Can Music Be Used For The Treatment Of Bereaved Children?

20 Nov

Bereavement, or loss of a loved one, can be a traumatic event to children.   Does music hold therapeutic applications in the treatment of bereavement and grief?  And if so, how?

Russell Hilliard at Floria State University recruited eighteen participants, ranging from the ages of 6 to 11, to be used for this study on bereavement and music therapy.  All of the participants had lost a loved one within the past 2 years.  Hilliard used several devices to measure bereavement conditions throughout the study.  The Behavior Rating Index for Children (BRIC) was conducted in two environments: at home with parents, and at school with teachers.  The BRIC evaluates behavioral problems.  Additionally, the Depressive Self-Rating Scale (DSRS) was used to evaluate the depressive conditions of the participants.  Parents and guardians were also asked to use the Bereavement  Group Questionnaire (BP) to help identify any grief syndromes in their children.

The subjects participated in 8 group music therapy sessions that were held during the day.  Sessions lasted 1 hour and included various music activities such as singing, song-writing, rap-writing, rhythmic improvisation, drumming, lyric analysis, and music listening.  Each sessions had an overarching theme that informed the children on how to cope with loss.  For example session 2 contained information about the death process, while session 5  helped the subjects identify the causes of anger that resulted from their loss.  After the eight sessions were completed, several post tests were administrated to re-evaluate the depressive conditions of the subjects.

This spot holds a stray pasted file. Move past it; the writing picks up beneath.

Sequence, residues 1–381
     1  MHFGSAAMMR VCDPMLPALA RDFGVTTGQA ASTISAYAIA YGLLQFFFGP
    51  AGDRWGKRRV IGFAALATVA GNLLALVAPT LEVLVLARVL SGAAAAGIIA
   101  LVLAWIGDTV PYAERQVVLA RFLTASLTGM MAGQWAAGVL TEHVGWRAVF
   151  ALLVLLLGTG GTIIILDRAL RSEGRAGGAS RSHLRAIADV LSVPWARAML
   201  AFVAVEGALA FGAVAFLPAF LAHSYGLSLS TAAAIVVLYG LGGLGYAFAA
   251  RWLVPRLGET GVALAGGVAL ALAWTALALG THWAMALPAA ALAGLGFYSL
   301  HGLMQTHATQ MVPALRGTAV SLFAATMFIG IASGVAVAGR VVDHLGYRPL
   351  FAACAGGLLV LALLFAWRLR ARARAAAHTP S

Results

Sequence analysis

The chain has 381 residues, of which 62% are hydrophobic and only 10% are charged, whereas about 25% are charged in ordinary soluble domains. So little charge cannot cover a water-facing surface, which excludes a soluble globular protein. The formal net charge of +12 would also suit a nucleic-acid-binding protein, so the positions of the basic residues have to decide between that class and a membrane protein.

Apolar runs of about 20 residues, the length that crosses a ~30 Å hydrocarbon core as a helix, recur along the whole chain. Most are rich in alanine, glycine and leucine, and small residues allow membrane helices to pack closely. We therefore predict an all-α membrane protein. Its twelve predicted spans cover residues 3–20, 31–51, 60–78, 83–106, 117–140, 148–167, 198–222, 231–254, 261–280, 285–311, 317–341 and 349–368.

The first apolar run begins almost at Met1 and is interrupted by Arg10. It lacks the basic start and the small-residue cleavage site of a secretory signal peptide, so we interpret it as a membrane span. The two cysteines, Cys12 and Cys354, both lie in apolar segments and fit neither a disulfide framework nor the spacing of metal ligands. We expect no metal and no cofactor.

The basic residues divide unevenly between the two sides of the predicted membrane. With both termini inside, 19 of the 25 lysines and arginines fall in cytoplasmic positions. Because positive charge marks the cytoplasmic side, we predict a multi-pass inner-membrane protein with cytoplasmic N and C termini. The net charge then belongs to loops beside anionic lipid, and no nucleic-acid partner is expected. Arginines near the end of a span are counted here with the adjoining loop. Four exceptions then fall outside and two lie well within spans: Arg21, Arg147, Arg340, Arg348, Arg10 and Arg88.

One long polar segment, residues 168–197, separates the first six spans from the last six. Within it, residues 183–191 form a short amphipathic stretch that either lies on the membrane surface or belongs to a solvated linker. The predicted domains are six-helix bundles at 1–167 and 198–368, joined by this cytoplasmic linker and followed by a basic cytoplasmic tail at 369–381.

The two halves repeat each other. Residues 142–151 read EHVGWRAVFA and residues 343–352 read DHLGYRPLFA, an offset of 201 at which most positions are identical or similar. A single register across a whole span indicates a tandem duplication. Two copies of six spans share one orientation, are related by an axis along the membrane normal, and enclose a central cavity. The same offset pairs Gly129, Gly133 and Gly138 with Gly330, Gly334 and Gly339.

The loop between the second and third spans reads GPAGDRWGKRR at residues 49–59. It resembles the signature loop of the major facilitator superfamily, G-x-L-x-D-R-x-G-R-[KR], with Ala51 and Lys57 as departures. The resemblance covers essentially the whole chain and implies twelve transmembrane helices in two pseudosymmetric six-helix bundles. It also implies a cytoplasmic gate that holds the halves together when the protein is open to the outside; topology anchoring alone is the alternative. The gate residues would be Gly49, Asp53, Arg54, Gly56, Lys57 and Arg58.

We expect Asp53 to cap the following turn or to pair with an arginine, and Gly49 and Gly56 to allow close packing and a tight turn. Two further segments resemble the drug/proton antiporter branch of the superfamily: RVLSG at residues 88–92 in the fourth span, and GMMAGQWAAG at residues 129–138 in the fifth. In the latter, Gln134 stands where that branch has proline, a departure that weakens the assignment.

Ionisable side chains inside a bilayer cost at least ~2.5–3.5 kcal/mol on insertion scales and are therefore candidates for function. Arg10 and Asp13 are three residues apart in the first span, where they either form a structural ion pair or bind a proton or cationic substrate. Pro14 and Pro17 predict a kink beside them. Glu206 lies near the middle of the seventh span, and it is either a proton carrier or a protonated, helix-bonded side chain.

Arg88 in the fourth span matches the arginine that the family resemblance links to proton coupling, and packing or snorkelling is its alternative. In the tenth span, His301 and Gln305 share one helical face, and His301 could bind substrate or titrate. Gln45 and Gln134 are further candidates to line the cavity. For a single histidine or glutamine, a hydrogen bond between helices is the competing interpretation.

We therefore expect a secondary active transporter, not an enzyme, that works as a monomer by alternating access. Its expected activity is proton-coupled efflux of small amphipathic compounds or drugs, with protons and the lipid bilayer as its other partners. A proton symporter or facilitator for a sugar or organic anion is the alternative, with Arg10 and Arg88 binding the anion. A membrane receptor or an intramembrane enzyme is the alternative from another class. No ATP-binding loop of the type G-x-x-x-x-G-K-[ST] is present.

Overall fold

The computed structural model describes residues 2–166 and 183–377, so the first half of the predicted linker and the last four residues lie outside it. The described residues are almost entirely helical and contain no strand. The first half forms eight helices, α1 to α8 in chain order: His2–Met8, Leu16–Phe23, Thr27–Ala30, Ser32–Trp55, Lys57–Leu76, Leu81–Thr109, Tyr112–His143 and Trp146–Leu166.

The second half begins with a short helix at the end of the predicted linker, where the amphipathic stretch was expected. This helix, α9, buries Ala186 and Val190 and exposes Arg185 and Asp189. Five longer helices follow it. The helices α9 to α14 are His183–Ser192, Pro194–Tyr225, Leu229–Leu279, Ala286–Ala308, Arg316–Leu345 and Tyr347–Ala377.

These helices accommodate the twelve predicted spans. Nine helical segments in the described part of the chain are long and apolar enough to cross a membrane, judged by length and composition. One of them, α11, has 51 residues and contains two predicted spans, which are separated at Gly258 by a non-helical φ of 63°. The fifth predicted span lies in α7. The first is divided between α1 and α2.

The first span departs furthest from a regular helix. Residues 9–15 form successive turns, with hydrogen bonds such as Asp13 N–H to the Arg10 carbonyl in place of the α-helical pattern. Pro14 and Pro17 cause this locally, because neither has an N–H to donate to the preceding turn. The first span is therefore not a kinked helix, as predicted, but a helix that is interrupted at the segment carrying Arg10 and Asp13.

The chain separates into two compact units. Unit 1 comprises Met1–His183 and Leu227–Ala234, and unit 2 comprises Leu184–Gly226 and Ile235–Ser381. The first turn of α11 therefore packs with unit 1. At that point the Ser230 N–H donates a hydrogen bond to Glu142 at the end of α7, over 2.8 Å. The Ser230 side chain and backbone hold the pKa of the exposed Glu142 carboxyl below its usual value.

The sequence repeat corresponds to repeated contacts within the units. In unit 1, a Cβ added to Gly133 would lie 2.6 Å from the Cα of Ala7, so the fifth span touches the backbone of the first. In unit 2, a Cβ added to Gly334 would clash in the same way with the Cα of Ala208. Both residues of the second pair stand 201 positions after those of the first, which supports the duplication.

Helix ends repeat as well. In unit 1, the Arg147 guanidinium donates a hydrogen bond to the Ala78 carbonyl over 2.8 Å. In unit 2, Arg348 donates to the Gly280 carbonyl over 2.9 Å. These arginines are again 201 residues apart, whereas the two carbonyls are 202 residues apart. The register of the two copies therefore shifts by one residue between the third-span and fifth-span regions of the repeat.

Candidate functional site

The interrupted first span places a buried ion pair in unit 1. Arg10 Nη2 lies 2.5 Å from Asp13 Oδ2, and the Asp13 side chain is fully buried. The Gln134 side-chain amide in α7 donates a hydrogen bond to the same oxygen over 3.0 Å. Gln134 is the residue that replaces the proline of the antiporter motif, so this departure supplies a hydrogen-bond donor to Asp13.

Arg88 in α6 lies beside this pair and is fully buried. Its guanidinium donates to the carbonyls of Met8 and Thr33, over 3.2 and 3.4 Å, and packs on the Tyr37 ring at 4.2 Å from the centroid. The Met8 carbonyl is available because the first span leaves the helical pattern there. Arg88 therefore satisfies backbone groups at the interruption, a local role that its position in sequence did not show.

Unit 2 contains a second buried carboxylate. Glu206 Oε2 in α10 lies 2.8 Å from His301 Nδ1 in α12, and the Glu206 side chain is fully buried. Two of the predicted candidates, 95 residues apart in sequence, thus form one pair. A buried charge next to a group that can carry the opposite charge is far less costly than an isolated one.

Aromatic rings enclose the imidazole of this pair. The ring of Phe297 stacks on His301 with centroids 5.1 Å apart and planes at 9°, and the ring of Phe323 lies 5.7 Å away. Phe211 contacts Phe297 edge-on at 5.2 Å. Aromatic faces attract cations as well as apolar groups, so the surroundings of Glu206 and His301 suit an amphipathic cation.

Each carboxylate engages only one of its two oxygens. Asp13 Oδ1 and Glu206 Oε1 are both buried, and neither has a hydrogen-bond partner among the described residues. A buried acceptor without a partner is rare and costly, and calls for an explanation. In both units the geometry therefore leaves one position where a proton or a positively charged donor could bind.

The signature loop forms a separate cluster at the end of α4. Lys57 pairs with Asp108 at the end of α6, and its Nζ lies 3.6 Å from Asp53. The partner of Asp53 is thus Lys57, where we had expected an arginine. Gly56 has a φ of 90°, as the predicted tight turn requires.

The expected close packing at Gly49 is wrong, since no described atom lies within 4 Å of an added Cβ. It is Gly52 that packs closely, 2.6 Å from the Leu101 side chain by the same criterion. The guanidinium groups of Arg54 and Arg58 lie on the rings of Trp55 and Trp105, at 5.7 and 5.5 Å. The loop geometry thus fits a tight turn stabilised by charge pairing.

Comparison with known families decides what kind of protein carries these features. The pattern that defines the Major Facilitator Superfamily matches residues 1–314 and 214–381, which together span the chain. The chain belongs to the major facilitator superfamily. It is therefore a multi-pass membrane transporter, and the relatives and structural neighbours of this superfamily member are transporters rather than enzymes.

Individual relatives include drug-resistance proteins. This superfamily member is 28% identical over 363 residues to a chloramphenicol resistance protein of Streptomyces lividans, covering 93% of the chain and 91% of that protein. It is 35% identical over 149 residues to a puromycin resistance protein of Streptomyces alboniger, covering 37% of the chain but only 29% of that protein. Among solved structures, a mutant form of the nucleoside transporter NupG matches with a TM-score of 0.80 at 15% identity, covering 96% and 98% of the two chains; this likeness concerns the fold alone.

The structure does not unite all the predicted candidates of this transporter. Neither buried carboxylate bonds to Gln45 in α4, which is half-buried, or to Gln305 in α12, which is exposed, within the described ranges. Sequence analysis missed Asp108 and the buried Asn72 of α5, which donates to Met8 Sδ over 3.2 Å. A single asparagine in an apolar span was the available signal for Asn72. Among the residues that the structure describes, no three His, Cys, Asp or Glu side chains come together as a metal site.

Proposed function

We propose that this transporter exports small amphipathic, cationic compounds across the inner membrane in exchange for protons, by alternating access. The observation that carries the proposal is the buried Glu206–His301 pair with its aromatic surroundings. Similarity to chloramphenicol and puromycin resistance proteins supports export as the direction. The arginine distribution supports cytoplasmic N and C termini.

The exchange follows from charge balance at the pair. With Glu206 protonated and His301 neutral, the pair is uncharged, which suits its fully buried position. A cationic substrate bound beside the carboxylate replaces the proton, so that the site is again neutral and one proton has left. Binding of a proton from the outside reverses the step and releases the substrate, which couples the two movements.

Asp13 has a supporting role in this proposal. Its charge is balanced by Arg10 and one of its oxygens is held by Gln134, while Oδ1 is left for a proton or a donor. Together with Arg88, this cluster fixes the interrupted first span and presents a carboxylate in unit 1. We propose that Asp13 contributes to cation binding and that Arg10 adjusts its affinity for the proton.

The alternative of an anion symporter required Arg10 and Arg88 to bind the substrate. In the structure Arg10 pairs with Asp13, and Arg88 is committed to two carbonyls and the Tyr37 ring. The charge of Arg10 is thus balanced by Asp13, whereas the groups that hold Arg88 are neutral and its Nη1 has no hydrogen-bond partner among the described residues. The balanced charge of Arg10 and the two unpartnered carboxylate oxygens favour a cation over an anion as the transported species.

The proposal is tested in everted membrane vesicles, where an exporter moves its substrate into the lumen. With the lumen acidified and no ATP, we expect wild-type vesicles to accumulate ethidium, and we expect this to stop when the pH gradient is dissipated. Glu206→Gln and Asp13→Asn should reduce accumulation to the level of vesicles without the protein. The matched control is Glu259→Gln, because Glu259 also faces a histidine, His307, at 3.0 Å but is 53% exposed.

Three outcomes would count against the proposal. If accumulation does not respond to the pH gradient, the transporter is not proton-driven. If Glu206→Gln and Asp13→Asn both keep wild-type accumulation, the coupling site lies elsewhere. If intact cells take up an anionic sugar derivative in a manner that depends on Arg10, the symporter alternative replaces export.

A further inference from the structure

The results were startling.  The additional post tests confirmed that music can alleviate depressive conditions.  Of the subjects who were diagnosed with depression before music therapy, only 25% remained depressed after the sessions.  Other grief conditions were seen to diminish by 40%. However, there was no statistical change in the participant’s behavior at school or in self rated depression tests.

Hilliard’s study is profound.  A vast amount of music therapy literature involves qualitative accounts, but as Hilliard skillfully employs in this study, the use of quantitative analysis such as pre and post tests might grant deeper insight into the benefits of using music as a method of treatment.  Hilliard concludes that future research should be conducted with this in mind.

Hilliard, R.E. (2001). The effect of music therapy-based bereavement groups on mood and behavior of grieving children: A pilot study. Journal of Music Therapy, 38(4), 291-306.


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